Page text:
Forum: Ruby c++ extension

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Gareth R. (Guest)
on 2006-03-09 17:48
I am trying to understand some aspects of writing a ruby extension in
C++.

Actually what I am trying to do is wrap a C++ library and make it
accessible from ruby. Since I have been having problems with the library
that I am trying to wrap, I decided to create a really simple library
and try wrapping that.

The biggest problem that I am having is understanding scope. When I
create the wrapper for the class I create a new instance of the class
that I am wrapping and store it in a ptr. Then when I want to access
methods of this class the wrapper class just delegates to the ptr.
Simple stuff.

When I use a regular ptr things mostly work OK except that I can only
create one instance of the class.

The library I am trying to wrap uses smart pointers, so I created a
version of my code that uses simple pointers. The problem that I have
hear is that these objects then fall out of scope and the destructors
get called immediately after wrapper class method exists. The result of
course is that I get segmentation faults or weird results.

I have only a little experience in C++ and this is my first extension
that I have written.

How should I go about wrapping these c++ classes?

Thanks in advance.

Here is the code....
//extension.cpp
#include <ruby.h>
#include <test.h>
#include <smartptr.h>

typedef VALUE (ruby_method)(...);

auto_ptr<Test> test;
//test* test;

extern "C" VALUE t_TEST_init(VALUE self, VALUE value )
{
        Param * param = new Param( NUM2INT( value ) );
        test = auto_ptr<Test>( new Test( param ) );
        //test = new Test( param );
        return self;
}

extern "C" VALUE t_TEST_value(VALUE self)
{
        return INT2NUM( test->ParamValue() );
}

auto_ptr<Param> param;
//Param* param;

extern "C" VALUE t_PARAM_init(VALUE self, VALUE value )
{
        param = auto_ptr<Param>( new Param( 7 ) );
        //param = new Param( NUM2INT( value ) );
        return self;
}

extern "C" VALUE t_PARAM_value(VALUE self)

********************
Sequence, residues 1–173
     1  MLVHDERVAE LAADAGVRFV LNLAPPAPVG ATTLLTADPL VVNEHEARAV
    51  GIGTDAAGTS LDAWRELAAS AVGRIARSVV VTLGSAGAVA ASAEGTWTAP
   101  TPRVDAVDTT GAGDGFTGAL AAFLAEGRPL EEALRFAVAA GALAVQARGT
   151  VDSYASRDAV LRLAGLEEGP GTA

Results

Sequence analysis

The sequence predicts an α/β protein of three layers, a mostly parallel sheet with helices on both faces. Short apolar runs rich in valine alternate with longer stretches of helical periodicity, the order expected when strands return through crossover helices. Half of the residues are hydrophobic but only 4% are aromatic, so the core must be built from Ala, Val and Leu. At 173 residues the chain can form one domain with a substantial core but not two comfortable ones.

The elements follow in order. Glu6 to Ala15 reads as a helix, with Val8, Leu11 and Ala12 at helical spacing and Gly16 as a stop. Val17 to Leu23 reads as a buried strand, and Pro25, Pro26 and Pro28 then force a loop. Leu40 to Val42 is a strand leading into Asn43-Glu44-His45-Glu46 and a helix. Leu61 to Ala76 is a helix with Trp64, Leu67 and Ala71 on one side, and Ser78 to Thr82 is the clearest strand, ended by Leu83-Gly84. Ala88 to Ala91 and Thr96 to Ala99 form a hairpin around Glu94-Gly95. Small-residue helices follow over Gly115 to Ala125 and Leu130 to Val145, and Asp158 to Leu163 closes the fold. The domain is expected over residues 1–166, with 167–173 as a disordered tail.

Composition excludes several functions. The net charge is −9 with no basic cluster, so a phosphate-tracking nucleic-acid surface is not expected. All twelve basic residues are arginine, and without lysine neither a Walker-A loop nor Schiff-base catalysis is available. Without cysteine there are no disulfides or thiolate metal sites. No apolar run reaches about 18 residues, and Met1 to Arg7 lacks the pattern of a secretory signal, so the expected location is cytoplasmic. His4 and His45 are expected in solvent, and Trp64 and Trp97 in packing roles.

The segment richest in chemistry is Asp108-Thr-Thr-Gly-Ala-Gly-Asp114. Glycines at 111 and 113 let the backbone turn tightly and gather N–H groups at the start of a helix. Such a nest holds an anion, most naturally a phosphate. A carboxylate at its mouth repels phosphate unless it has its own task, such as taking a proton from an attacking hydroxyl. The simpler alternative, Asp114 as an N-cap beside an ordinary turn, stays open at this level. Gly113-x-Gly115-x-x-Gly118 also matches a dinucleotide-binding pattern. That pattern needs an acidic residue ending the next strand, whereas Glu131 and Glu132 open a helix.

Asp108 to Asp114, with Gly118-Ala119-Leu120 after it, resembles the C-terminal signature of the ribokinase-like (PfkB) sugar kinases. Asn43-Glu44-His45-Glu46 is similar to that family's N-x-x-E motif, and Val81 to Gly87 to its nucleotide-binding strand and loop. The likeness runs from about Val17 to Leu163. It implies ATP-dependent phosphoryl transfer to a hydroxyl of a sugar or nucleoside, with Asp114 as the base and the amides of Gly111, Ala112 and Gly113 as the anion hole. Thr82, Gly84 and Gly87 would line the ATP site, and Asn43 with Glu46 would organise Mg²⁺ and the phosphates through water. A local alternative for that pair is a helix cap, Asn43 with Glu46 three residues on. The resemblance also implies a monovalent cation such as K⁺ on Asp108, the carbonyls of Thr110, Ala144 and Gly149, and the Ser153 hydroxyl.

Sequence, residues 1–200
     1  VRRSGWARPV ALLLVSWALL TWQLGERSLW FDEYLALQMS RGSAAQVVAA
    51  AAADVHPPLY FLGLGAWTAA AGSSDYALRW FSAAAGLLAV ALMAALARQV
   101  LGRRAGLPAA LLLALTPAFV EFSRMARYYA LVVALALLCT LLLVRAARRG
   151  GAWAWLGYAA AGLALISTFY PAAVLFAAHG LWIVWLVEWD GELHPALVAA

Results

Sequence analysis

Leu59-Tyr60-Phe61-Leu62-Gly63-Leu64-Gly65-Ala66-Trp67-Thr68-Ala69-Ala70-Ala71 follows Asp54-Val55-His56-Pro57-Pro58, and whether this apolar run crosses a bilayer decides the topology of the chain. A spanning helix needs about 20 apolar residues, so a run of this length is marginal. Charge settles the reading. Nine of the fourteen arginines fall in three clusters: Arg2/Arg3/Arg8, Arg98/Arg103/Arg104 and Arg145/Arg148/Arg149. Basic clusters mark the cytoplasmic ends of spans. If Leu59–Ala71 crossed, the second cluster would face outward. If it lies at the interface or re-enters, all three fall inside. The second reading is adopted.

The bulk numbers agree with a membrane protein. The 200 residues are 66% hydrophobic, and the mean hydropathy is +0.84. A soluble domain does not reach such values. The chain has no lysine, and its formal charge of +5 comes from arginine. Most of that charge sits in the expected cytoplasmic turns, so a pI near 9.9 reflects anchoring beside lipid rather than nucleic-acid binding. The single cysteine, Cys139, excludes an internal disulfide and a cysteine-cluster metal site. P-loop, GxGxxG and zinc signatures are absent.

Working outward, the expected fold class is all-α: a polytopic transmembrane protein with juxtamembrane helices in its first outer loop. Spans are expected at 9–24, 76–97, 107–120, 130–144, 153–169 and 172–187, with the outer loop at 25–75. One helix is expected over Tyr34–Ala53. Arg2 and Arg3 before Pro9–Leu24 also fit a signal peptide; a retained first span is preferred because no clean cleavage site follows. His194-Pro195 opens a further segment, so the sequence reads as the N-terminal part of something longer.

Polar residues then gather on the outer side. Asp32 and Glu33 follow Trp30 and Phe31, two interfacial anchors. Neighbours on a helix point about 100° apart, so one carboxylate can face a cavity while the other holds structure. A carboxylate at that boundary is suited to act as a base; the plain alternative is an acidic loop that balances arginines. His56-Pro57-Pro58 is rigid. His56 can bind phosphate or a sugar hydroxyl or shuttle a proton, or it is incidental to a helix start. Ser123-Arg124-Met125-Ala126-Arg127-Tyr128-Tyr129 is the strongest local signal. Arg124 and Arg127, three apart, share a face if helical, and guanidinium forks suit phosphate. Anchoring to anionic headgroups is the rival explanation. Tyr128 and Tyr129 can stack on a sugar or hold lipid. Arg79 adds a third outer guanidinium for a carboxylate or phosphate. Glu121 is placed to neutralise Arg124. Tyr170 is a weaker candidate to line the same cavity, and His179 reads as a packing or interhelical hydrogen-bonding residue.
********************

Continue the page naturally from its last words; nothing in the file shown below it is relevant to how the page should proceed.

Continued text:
{
        return INT2NUM( param->value() );
}


VALUE cTest;
VALUE cParam;

extern "C" void Init_Extension()
{
        cTest = rb_define_class( "Test", rb_cObject );
        rb_define_method( cTest, "initialize", (ruby_method*)
&t_TEST_init, 1 );
        rb_define_method( cTest, "value", (ruby_method*) &t_TEST_value,
0 );

        cParam = rb_define_class( "Param", rb_cObject );
        rb_define_method( cParam, "initialize", (ruby_method*)
&t_PARAM_init, 1 );
        rb_define_method( cParam, "value", (ruby_method*)
&t_PARAM_value, 0 );
}

//test.h
#include <param.h>

class Test {

public:
        Test(Param *);
        ~Test();
        int ParamValue();
private:
        Param *param;

};

//param.h
class Param {

public:
        Param(int);
        ~Param();
        int value();
private:
        int internal;

};
rickhg12hs (Guest)
on 2006-03-10 09:46
(Received via mailing list)
I've been a total wimp about accessing C/C++ libraries from Ruby.  I
haven't done anything particularly hard, but it's always worked.

I use SWIG (www.swig.org).  The most I've had to do is write a couple
helper functions and that's about it.  SWIG even comes with some
helpful Ruby examples, extconf.rb skeletons, and Makefile skeltons.
The SWIG documentation has a couple of sections on smart pointers.
While I was learning to use SWIG, their community was helpful with Ruby
specific suggestions.

Let us know how you do.  Good Luck!
Caleb T. (Guest)
on 2006-03-10 14:04
(Received via mailing list)
>
> How should I go about wrapping these c++ classes?

You need to wrap your class into a Ruby structure in order for this
to work right.

See: Data_Wrap_Struct and Data_Make_Struct for details

I'm not sure the implications of using an auto_ptr in the mix...as
I've never tried it.  But, if you use the above methods you don't
need it since Ruby will handle the lifetime of your object for you
(and provide a garbage collection hook for your destructor).
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